Kelela Walked Away From Music For Years. At An Intimate New York Show, She Came Back To Find Her Fans Waiting

The year is 2003. A 19-year-old Kelela Mizanekristos sits alone at the Blue Note Jazz Club in New York’s West Village, a MiniDisc recorder concealed under her table. An electric solo set by Groove Theory co-founder Amel Larrieux makes the arduous four-hour drive from DC worth it. She has a 7 am class the next morning, but Larrieux’s music—and music, period— is all that matters to her at this moment. “She taught me so much about performance and just going for it and not trying to be perfect. She would just give her all in this way that didn’t feel safe,” Kelela gushed about Larrieux two decades later. “I think that was what drew me to her. I saw so much of myself in that. More than anything, I would like to give that back to someone else.”

It was a full-circle moment; she told this story from the stage at the Blue Note at the end of May, on the second night of a sold-out two-night engagement at the legendary venue. Kelela released her debut album, Tear Me Apart, back in 2017; a remix album followed one year later. Then she went quiet, for more than four years. In a frenetic world where attention spans get shorter each day, few contemporary artists can take a hiatus that long and expect to find their fan base waiting for them when they return. Kelela was an exception; her audience apparently never stopped feeling her absence.

Dervon Dixon

In a video promoting her second album Raven—which dropped in February 2023—a montage of tweets from the still-devoted flashes onscreen. “When the world needed her most…she vanished,” one fan joked in a tweet from 2021. “KELELA WE NEED YOU!! WHERE ARE YOU???” another Kelalien begs. And when she stepped onstage at the Blue Note, accompanied by two backup singers and a four-piece band, the mainly Black, queer and queer-adjacent crowd greeted her as a returning hero, back to provide New York’s weary masses with some much-needed respite.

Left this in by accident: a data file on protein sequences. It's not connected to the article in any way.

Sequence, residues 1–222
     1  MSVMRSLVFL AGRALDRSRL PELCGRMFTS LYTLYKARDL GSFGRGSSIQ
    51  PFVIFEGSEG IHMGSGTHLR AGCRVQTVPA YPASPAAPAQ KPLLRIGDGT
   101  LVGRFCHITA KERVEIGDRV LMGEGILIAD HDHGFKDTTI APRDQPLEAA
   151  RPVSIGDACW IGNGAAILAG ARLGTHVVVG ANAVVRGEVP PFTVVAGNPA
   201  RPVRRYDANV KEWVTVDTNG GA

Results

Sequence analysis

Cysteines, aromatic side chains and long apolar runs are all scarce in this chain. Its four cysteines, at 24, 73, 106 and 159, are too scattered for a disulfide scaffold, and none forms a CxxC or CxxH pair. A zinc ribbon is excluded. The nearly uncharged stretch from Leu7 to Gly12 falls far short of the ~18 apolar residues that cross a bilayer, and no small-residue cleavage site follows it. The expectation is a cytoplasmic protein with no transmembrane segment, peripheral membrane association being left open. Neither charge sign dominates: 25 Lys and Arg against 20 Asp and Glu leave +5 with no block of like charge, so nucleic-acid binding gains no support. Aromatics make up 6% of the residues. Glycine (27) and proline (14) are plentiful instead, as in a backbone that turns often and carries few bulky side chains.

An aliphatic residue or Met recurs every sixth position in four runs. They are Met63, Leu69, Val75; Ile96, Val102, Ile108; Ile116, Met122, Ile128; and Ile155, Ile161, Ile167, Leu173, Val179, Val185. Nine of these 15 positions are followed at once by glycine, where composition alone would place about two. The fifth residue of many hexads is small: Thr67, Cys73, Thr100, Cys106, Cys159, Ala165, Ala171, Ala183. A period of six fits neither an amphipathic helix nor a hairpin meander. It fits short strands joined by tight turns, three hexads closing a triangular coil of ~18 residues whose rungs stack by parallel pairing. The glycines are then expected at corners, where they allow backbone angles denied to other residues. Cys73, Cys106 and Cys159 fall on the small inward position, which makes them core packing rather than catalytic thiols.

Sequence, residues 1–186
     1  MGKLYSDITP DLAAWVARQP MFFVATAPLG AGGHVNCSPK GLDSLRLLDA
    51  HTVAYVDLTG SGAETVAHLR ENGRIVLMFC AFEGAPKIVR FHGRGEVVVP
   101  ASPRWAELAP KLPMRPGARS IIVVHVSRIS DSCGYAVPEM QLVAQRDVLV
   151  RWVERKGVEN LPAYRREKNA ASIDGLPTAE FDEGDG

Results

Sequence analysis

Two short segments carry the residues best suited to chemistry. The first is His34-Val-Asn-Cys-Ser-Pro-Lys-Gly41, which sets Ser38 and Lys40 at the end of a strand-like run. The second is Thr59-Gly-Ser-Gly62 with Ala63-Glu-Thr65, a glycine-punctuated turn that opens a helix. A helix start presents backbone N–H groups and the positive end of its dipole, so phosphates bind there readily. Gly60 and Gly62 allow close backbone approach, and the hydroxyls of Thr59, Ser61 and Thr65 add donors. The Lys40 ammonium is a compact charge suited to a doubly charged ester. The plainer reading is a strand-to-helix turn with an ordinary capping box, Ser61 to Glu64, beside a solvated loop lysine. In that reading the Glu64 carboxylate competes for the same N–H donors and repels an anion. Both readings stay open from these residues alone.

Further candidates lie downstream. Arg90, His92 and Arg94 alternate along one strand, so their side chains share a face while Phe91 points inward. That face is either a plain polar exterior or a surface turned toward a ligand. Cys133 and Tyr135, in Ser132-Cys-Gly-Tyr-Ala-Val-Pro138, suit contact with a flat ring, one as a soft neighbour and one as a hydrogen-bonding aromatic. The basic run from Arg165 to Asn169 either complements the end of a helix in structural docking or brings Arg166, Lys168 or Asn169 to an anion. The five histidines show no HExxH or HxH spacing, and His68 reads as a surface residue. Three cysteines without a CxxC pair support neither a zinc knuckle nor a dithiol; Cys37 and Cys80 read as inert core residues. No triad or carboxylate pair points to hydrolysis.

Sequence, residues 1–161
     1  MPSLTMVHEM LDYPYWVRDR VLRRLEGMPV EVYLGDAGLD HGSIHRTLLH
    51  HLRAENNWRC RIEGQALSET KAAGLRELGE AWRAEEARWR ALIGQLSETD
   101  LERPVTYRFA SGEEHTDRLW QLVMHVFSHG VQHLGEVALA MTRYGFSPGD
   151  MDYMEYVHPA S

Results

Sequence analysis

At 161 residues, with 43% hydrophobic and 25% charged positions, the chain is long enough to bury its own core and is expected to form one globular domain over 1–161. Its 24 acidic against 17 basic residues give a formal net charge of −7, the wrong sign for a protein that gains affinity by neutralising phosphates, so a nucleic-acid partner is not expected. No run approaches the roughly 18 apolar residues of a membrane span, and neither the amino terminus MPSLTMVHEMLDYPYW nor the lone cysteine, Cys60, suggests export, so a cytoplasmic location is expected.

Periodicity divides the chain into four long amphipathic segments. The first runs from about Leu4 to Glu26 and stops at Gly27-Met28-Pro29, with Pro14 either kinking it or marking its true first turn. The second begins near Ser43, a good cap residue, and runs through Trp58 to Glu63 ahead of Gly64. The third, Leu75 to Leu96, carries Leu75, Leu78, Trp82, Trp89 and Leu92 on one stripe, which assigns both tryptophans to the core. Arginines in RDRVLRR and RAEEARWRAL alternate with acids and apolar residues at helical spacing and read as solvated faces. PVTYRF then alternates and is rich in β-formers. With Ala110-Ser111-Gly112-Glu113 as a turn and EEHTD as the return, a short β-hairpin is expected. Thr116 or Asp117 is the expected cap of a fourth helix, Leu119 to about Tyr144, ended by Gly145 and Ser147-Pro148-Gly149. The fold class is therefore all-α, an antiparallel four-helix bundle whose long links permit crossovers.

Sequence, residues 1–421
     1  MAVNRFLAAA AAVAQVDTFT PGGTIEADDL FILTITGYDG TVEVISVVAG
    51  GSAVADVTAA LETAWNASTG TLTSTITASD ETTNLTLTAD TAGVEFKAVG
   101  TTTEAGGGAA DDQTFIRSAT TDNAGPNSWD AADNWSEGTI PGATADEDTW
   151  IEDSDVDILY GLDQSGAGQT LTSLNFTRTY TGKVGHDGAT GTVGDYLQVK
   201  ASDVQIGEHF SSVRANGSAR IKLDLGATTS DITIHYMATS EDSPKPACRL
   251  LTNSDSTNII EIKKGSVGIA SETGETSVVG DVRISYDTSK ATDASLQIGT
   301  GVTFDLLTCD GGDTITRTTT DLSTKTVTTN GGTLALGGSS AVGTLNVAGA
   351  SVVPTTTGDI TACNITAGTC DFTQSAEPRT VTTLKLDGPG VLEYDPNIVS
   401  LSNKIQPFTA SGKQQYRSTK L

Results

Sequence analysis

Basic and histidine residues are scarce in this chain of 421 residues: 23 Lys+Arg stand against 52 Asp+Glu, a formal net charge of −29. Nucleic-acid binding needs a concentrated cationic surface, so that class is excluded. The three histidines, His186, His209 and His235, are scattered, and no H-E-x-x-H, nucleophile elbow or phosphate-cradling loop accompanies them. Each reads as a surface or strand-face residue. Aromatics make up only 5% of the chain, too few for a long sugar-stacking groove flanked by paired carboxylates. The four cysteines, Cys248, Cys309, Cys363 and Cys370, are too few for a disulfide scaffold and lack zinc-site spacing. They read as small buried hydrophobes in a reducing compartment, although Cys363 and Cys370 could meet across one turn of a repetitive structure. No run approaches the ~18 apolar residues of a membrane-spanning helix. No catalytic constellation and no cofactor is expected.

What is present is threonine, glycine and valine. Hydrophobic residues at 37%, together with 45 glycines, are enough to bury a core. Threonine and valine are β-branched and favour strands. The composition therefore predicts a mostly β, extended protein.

Raven, Kelela’s long-awaited sophomore album, is best described as a sound bath. I’m not an expert in neurology but if someone told me that the frequency of Kelela’s vocals mimics that of SoftWave therapy, I’d be inclined to believe them. Soothing ambient tunes soundtrack unsettling revelations about feeling unworthy of love, the consequences of taking a stand, and being too Black, too queer, too femme, and too outspoken for this world. During her multi-year break from music, Kelela sent letters and a resource guide—with recommended reading like Reader on Misogynoir by Kandis Williams and the will to change by bell hooks—to those in her orbit, officially informing them of her politics. They had to get with it or get out. She would end up parting ways with both Sony, her record label, and her managers, IMG; in an interview with Dazed, she described those breaks as “an act of self-care. It’s just something that makes me feel more healthy and in alignment with my values.”

Although she’s known for body roll-inducing dance hits like “Blue Light” and sultry R&B tracks like “Enough for Love,” Kelela initially considered becoming a jazz singer, and cites Betty Carter as one of her three singer-songwriters of all time. “The tradition of reinterpretation and flipping and rearrangement that exists in jazz is definitely part of what has informed the remixing and the Aquaphoria of it all,” she explained from the stage at the Blue Note show. (Aquaphoria was a 2019 collaborative mix with the L.A. DJ/producer Asmara of Nguzunguzu, on which Kelela adds her own ethereal freestyle vocal runs to ambient tracks by artists like Visible Cloaks, Jonny Nash & Suzanne Kraft, and even Jaco Pastorius and Joni Mitchell.) “It’s just a very Black American practice,” she said. “I want to pay homage and respect to all the people who suffered for this music to exist and for it to get us in our feels.”

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